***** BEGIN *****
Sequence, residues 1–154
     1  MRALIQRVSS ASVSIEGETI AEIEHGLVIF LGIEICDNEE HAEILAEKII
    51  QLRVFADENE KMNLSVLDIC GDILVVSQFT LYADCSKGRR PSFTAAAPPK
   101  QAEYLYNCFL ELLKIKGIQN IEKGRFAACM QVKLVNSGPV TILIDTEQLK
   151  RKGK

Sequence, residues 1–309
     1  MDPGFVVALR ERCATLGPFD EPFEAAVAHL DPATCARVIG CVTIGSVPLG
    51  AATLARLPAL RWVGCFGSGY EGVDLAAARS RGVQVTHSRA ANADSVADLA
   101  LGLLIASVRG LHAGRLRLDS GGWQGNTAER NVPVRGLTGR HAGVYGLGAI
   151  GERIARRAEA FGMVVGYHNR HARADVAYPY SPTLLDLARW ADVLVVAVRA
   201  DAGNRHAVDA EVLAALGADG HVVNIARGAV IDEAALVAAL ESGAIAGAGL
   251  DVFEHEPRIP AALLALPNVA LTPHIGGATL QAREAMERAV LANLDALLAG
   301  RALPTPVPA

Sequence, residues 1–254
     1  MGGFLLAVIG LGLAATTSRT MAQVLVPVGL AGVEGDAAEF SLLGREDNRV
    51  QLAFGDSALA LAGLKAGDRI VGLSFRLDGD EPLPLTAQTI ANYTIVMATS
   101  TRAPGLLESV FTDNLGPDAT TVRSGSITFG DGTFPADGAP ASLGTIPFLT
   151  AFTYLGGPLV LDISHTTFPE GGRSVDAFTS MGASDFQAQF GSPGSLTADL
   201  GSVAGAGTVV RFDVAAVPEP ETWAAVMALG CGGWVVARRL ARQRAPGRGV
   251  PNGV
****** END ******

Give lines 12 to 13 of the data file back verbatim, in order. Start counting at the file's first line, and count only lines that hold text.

   251  DVFEHEPRIP AALLALPNVA LTPHIGGATL QAREAMERAV LANLDALLAG
   301  RALPTPVPA